Today’s generation of students has a high exposure to the Internet, smartphones, social and many other technologies from a very young age. It is not uncommon to see college students tinkering with technology, starting digital startups, and making millions (and occasionally even billions). Some drop out of school to build their business, but not all. Some stay on in school to get the best of both worlds.
Today, we are going to look at some such student entrepreneurs that we have worked with.
Jeff Nobbs is the founder and CEO of Extrabux, a highly regarded shopping rewards site monetized via affiliate commissions on online transactions. He co-founded Extrabux as a student at the University of Southern California in 2006. He and his co-founder, Noah Auerhahn, who lived in the same dormitory, worked on the project while they were still at school. Two years later in their junior year, they submitted Extrabux to the USC business plan competition, where it won first place and received $25,000, its first stamp of credibility. That helped them build a team and raise close to a million dollars over the next year. They are now on a run rate of over $10 million and their revenue in 2012 was about $5 million. Read more about how Jeff made Extrabux a success in my interview with him.
Yatit Thakker, Drew Vincent, and Jake Yap, environmental engineering students at the University of Florida, founded Omninox in the summer of 2012. They were exploring the iBooks platform when Yatit realized how online education programs were not completely utilizing the powerful platform. So they founded the company to create interactive, mobile study guides called Omniguides, starting with Calculus 1, targeting high school students. Their aim is to consolidate the material that students need to learn for Advanced Placement (AP) STEM (Science, Technology, Engineering, Math) classes by offering built-in software tools such as a calculator, quizzes, and sketchpad with social sharing. In 2013, Omninox released its first commercial product and it is already in the revenue stage.
Yatit and Jake graduated with bachelor’s degrees in Environmental Engineering and are currently working full time at Omninox. Drew went on to pursue a concurrent master’s degree in environmental engineering and chemical engineering and plans to work full-time at Omninox after graduating.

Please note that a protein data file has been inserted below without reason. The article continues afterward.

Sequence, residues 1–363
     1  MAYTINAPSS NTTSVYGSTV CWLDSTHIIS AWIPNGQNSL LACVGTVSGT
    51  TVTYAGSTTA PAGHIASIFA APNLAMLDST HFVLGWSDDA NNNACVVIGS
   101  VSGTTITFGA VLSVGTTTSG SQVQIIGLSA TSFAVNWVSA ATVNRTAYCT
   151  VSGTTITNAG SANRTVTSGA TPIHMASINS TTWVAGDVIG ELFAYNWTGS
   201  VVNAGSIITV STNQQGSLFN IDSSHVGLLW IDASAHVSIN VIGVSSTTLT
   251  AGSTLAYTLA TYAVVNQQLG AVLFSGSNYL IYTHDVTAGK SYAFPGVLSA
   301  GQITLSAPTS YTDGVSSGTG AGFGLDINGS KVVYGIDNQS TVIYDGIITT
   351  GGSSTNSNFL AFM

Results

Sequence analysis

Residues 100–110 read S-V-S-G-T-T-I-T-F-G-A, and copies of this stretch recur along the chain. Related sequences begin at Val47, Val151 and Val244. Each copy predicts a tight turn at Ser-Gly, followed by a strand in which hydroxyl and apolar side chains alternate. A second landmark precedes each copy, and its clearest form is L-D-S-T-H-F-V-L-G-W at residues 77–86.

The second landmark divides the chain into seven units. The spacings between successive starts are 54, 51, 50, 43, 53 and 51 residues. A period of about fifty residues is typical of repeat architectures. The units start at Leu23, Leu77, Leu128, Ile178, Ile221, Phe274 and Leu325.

Mike Mothner is the founder and CEO of search engine marketing firm Wpromote. He got into computers and the Internet when he was very young. By the age of 14, he had written a software program called Calendar Man, which was a moderate success. In his sophomore year in 2001 at Dartmouth College, he wrote a script that would submit a website URL to all 200 different search engines for a nominal fee. By his senior year, Wpromote had a couple of hundred clients and the service was generating a couple of thousand dollars of revenue a month. He worked about two hours a day, but it was not clear if he could turn it into a bigger business.
Mike even went through corporate recruitment in his senior year with Goldman Sachs. He was asked why he would want to work at Goldman Sachs when he had a revenue-generating business of his own. That was when he decided that he would try to build a bigger business out of Wpromote. The company grew by a factor of 27 between 2003 and 2007.. Its revenue in 2012 was $13.9 million. For more about Michael’s entrepreneurial journey, read the full interview.
All these student entrepreneurs had revenue-generating products before finishing college, but they still went on to finish college. Jeff says when they started Extrabux, he and his co-founders were just 17 years old and did not know what they were doing. They are still learning every day, but it was good to do it as a student. For Yatit, Drew, and Jake, finishing their education made the guides richer and more credible. For Mike, it gave him the confidence and inspiration to build his startup into a multi-million dollar business.
For every Bill Gates and Steve Jobs, there are thousands of dropouts who did not make it. They are then at a huge disadvantage entering the workforce without a degree. When you start a business, you don’t know how the market will play out. It is better to experiment at a small scale until you hit the inflection point, rather than drop out and give up on formal education.
Jeff, Noah, Yatit, Jake, Drew, Mike, and many other student entrepreneurs are doing just that. They start a business during college, build it on the side, finish their education, and then devote full time to entrepreneurship.
[This article was first published here: http://www.xconomy.com/san-francisco/2014/02/05/not-all-student-entrepreneurs-drop-out/]